Image Transfer Grade: B-


Audio Transfer

 LanguageRemote Access
DS 2.0Englishyes

Audio Transfer Review: The Ramones were hardly a hi-fidelity outfit, so the 2.0 stereo mix is not only more than workable, it somehow seems fitting. The musical performances sound clean, and retain clarity even at very high volume levels. No hiss, no buzz, no crackle.


Audio Transfer Grade: B


Disc Extras

Static menu with music
Scene Access with 16 cues and remote access
1 Original Trailer(s)
3 Other Trailer(s) featuring Midnight Movies, Buy The Ticket Take The Ride, New Orleans: Music In Exile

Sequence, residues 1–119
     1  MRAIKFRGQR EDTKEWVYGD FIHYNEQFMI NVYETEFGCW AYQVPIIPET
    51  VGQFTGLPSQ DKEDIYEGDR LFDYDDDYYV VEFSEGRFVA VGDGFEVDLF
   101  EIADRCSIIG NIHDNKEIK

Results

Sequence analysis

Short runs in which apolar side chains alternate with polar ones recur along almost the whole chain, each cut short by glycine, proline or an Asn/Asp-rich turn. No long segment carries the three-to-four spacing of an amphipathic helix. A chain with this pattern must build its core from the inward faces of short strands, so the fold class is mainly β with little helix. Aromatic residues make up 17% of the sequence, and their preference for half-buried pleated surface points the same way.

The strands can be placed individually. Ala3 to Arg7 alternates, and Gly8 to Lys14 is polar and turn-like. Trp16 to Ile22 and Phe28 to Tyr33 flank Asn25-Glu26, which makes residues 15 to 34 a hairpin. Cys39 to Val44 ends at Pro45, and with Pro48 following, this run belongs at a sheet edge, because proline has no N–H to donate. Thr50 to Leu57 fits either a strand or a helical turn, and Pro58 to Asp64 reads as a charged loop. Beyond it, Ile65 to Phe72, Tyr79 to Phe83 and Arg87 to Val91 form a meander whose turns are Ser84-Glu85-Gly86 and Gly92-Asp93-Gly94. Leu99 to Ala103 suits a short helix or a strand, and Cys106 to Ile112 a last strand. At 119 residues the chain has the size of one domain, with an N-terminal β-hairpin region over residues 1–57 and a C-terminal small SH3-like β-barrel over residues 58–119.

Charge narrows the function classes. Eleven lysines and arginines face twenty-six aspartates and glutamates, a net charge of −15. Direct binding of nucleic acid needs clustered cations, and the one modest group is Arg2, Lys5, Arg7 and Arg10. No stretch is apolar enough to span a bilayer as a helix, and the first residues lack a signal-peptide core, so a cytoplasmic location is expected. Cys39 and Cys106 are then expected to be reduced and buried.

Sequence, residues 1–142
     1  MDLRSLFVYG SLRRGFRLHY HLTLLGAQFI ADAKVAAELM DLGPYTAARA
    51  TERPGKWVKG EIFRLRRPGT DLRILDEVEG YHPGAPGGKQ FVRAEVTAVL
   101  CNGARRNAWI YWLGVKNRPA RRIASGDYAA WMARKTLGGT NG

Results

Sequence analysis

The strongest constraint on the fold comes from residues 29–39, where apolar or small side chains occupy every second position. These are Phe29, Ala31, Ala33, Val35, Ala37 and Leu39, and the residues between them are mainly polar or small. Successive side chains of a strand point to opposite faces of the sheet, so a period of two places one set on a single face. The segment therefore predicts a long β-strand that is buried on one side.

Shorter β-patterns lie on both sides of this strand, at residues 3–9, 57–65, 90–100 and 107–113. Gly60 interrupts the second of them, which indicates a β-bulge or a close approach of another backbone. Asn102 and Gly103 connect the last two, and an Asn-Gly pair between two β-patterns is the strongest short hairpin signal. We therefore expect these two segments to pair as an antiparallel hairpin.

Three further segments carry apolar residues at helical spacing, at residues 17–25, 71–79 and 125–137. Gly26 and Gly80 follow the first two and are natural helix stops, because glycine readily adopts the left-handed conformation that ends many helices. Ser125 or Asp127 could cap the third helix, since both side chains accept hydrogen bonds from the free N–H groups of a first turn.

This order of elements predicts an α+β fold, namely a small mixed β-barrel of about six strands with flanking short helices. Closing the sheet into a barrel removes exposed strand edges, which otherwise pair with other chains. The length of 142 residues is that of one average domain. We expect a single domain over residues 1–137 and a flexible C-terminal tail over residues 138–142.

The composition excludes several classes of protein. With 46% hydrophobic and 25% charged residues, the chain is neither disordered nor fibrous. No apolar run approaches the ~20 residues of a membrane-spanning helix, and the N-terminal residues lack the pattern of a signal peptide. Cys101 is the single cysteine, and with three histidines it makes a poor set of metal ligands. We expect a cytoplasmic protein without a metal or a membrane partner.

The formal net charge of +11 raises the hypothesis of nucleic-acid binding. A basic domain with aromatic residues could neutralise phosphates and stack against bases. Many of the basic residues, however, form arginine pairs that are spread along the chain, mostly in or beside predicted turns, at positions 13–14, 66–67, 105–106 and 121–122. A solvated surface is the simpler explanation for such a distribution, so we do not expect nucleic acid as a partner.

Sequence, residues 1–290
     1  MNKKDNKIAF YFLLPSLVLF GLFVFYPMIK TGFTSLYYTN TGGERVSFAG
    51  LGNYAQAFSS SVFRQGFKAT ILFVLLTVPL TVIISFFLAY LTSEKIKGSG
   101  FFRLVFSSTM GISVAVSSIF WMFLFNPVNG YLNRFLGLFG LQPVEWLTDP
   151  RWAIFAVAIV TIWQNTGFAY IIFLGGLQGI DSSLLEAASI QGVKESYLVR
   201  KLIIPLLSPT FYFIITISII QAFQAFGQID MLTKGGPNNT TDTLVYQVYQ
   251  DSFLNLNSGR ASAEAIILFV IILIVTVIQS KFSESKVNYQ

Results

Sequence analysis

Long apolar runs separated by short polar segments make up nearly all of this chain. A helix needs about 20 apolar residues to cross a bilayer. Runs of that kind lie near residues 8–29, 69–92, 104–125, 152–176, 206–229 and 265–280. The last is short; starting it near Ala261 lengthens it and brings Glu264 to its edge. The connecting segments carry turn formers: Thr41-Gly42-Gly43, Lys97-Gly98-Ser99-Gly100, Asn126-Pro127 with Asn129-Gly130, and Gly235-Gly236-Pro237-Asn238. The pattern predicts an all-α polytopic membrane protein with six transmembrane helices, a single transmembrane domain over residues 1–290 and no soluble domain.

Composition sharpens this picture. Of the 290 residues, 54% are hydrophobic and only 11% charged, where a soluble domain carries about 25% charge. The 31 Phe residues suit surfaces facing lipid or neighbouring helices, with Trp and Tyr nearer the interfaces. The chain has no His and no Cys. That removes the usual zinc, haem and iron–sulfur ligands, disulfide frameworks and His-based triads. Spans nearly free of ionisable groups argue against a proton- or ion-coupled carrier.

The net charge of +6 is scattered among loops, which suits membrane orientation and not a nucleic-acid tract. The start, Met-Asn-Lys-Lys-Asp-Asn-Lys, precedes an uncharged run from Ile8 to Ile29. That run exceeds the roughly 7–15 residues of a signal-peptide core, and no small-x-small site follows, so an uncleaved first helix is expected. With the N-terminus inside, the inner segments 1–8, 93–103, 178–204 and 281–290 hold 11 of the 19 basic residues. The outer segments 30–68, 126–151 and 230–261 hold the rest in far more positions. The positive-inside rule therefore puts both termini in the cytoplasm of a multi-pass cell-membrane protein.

1 Feature/Episode commentary by Joe Sib, Linda Cummings Ramone, Mandy Stein
Packaging: Amaray
Picture Disc
1 Disc
1-Sided disc(s)
Layers: single

Extras Review: Aside from a trailer for the feature, the only other extra is a sometimes meandering commentary track from director Mandy Stein, Johnny's wife Linda, and self-described "punk rocker" Joe Sib. There are a number of silent gaps, but the input from Sib remains the highpoint, though much of the content is hardly revealing. As far as I'm concerned, Stein's concert film/documentary speaks for itself and doesn't necessarily require any added layers of insight.

The disc is cut into 16 chapters.

Extras Grade: C+


Final Comments

A wonderful celebration of the songs and influence of the Ramones by an assortment of performers that captures not only their buzzsaw spirit, but the long lasting force the band had on the future of rock music. The image transfer is so-so and the audio is only 2.0 stereo, but don't let that dissuade you.

I only wish that I could have been there. Highly recommended.